7 months ago • 4 mins
The Federal Reserve (the Fed) might finally be ready to put the hiking boots aside and take in the view from inside instead. But even though the central bank might be chilling on interest rate hikes, we’re far from guaranteed a state of bliss.
✍️ Connecting The Dots
The Fed has been on a 14-month crusade to vanquish runaway inflation, and this week’s swing of the sword could potentially be the US central bank’s final one. As expected, the Fed raised interest rates by a quarter of a percentage point on Wednesday, marking its tenth consecutive increase in just over a year. That took the federal funds rate to a target range of 5% to 5.25% – the highest level since 2007, and up from nearly zero early last year. And the Fed’s chair Jerome Powell even hinted that Wednesday’s hike could be the central bank’s last – although he did stop short of declaring victory in the fight against high inflation, and left the door open for more rate increases in case they’re needed.
But while markets are now expecting rate cuts before the end of the year, Powell strongly pushed back against the idea. Instead, it sounds like the central bank will likely keep interest rates high to stub out inflation once and for all – even if the US economy struggles. And in case there was any doubt, data out a week ago confirmed that the world’s biggest economy is indeed struggling, slowing to grow at an annualized pace of just 1.1% last quarter – well below the previous quarter’s 2.6% and far short of the 2% that was expected. What’s more, the report doesn’t even capture the full extent of the damage done by the ongoing banking crisis, which only started to unfold in mid-March.
The turmoil claimed another victim this week: on Monday, First Republic became the third bank to collapse in the past two months, wiping out shareholders in the second-biggest bank failure in American history. Needless to say, that’s not good news, and even Powell warned on Wednesday that the recent stress in the financial sector will result in reduced bank lending and diminished economic activity. Credit, after all, is the lifeblood of the economy: when it gets harder to borrow cash, consumers spend less and businesses don’t invest as much, derailing economic growth and increasing the odds of a recession.
1. For soft landings, they’re pretty darn hard.
Powell said that he still believes the US economy will achieve a so-called “soft landing” – that dream scenario where the economy slows enough to tamp down inflation, but stays strong enough to avoid a recession. But if history’s anything to go by, the chances of the Fed successfully engineering a soft landing are low. See, apart from one rate-hiking cycle in the 1980s, every other round of interest rate hikes has been less aggressive than this current one – and still, most of them were followed by a recession at some point.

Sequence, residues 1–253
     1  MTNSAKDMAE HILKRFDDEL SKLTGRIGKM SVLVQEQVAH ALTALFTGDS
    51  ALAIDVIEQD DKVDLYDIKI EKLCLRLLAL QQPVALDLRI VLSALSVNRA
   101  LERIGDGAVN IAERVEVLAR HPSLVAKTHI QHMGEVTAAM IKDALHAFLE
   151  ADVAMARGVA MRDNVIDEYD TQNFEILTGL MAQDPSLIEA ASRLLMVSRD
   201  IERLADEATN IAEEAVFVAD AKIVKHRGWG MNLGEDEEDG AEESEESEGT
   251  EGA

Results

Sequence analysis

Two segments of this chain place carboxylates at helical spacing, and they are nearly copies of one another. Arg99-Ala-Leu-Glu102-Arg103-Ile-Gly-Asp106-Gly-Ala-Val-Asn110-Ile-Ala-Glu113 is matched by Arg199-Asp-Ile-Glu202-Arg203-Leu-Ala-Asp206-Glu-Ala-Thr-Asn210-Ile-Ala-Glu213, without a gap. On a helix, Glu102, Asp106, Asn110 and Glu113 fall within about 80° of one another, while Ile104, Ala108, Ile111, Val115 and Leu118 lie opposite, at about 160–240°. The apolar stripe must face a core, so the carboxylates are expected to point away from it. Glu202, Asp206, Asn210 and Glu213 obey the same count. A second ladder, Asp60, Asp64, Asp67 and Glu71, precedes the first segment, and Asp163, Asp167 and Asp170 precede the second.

2. You might want to keep your cup half empty for now.
Markets are arguably underestimating the risk of a hard landing, so it might be worth exercising caution with your investment portfolio. To do so, you could reduce your risk exposure and make sure your portfolio is well-diversified and doesn’t contain leverage. Consider holding less in stocks, and where you are holding them, consider tilting toward defensive sectors. It may also be worth adding some long-term government bonds – possibly the best hedge against a recession – and gold to your portfolio. Remember, during times of uncertainty, a little cash never hurt anyone. Even better, cash held at money market funds can generate annual yields of over 4% at the moment.
🎯 Also On Our Radar
The senior loan officer opinion survey (or “SLOOS”) is a quarterly review conducted by the Fed to gather information on bank lending practices. The latest one covered the final quarter of 2022 and showed a significant increase in the number of banks tightening their loan standards. Put differently, the lending environment was deteriorating even before last quarter’s turmoil in the banking sector. So all eyes will be on the new survey, set to be released this Monday: it’ll offer a glimpse of the damage inflicted last quarter as the banking crisis unfolded.
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